Genome-wide co-localization of Polycomb orthologs and their effects on gene expression in human fibroblasts
Genome Biology volume 15, Article number: R23 (2014)
Polycomb group proteins form multicomponent complexes that are important for establishing lineage-specific patterns of gene expression. Mammalian cells encode multiple permutations of the prototypic Polycomb repressive complex 1 (PRC1) with little evidence for functional specialization. An aim of this study is to determine whether the multiple orthologs that are co-expressed in human fibroblasts act on different target genes and whether their genomic location changes during cellular senescence.
Deep sequencing of chromatin immunoprecipitated with antibodies against CBX6, CBX7, CBX8, RING1 and RING2 reveals that the orthologs co-localize at multiple sites. PCR-based validation at representative loci suggests that a further six PRC1 proteins have similar binding patterns. Importantly, sequential chromatin immunoprecipitation with antibodies against different orthologs implies that multiple variants of PRC1 associate with the same DNA. At many loci, the binding profiles have a distinctive architecture that is preserved in two different types of fibroblast. Conversely, there are several hundred loci at which PRC1 binding is cell type-specific and, contrary to expectations, the presence of PRC1 does not necessarily equate with transcriptional silencing. Interestingly, the PRC1 binding profiles are preserved in senescent cells despite changes in gene expression.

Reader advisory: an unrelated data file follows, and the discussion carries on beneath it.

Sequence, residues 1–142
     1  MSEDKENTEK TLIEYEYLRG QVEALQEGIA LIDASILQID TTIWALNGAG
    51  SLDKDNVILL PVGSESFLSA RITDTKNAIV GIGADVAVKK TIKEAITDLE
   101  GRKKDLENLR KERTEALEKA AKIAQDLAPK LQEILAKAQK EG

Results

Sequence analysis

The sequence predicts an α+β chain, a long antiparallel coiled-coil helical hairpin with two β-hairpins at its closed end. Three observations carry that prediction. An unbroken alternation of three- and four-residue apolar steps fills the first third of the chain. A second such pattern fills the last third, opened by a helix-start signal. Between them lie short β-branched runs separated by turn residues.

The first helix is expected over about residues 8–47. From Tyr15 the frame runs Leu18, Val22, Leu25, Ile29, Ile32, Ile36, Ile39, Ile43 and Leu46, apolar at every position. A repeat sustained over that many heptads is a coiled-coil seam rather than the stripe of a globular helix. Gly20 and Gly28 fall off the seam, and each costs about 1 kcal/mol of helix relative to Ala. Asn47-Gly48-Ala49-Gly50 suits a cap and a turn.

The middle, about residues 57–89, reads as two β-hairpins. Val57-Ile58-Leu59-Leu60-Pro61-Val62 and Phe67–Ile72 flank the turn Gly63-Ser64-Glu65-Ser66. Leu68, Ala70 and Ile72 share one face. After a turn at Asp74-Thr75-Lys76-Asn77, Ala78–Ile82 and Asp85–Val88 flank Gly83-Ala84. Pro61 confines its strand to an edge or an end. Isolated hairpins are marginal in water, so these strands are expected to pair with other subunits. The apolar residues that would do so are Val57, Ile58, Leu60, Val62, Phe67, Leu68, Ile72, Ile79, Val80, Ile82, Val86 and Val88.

The multiple permutations of PRC1 in human fibroblasts congregate at common rather than specific sites in the genome and with overlapping but distinctive binding profiles in different fibroblasts. The data imply that the effects of PRC1 complexes on gene expression are more subtle than simply repressing the loci at which they bind.
Polycomb-group (PcG) proteins were originally identified by their developmental effects in Drosophila but their mammalian counterparts are implicated in a wide variety of physiological processes, including pluripotency, imprinting, differentiation and senescence [1–3]. Senescence is a state of permanent cell cycle arrest that occurs in response to various forms of cellular stress and acts as a front-line defense against potentially oncogenic lesions [4, 5]. Genetic ablation of a number of PcG genes results in premature senescence, in part because of de-repression of the CDKN2A tumor suppressor [6, 7].
PcG proteins operate within multi-component complexes, the best characterized of which are termed Polycomb repressive complexes 1 and 2 (PRC1 and PRC2) [1–3]. PRC2 is responsible for tri-methylating histone H3 on lysine 27 (H3K27me3), generally considered to be a mark of transcriptional repression, and apart from duplication of the Ezh subunit, the core components of the complex are conserved between flies and mammals .
In contrast, the PRC1 components have undergone considerable expansion during evolution. The prototypic PRC1 complex in Drosophila comprises equimolar amounts of Polycomb (Pc), Posterior sex combs (Psc), Polyhomeotic (Ph) and Sex combs extra (Sce) [9, 10]. However, as human cells encode five Pc, six Psc, three Ph and two Sce orthologs, there are multiple variants of PRC1 [2, 8, 11]. Biochemical analyses indicate that a typical PRC1 complex contains a single representative from each gene family [7, 12–15] and, although it has not been formally shown that all of the orthologs participate in functional PRC1-type complexes, there could in principle be up to 180 different permutations. The situation is further complicated by the ability of the Psc and Sce subunits to form functional complexes that contain RYBP or YAF2 rather than the Pc and Ph orthologs [15–17].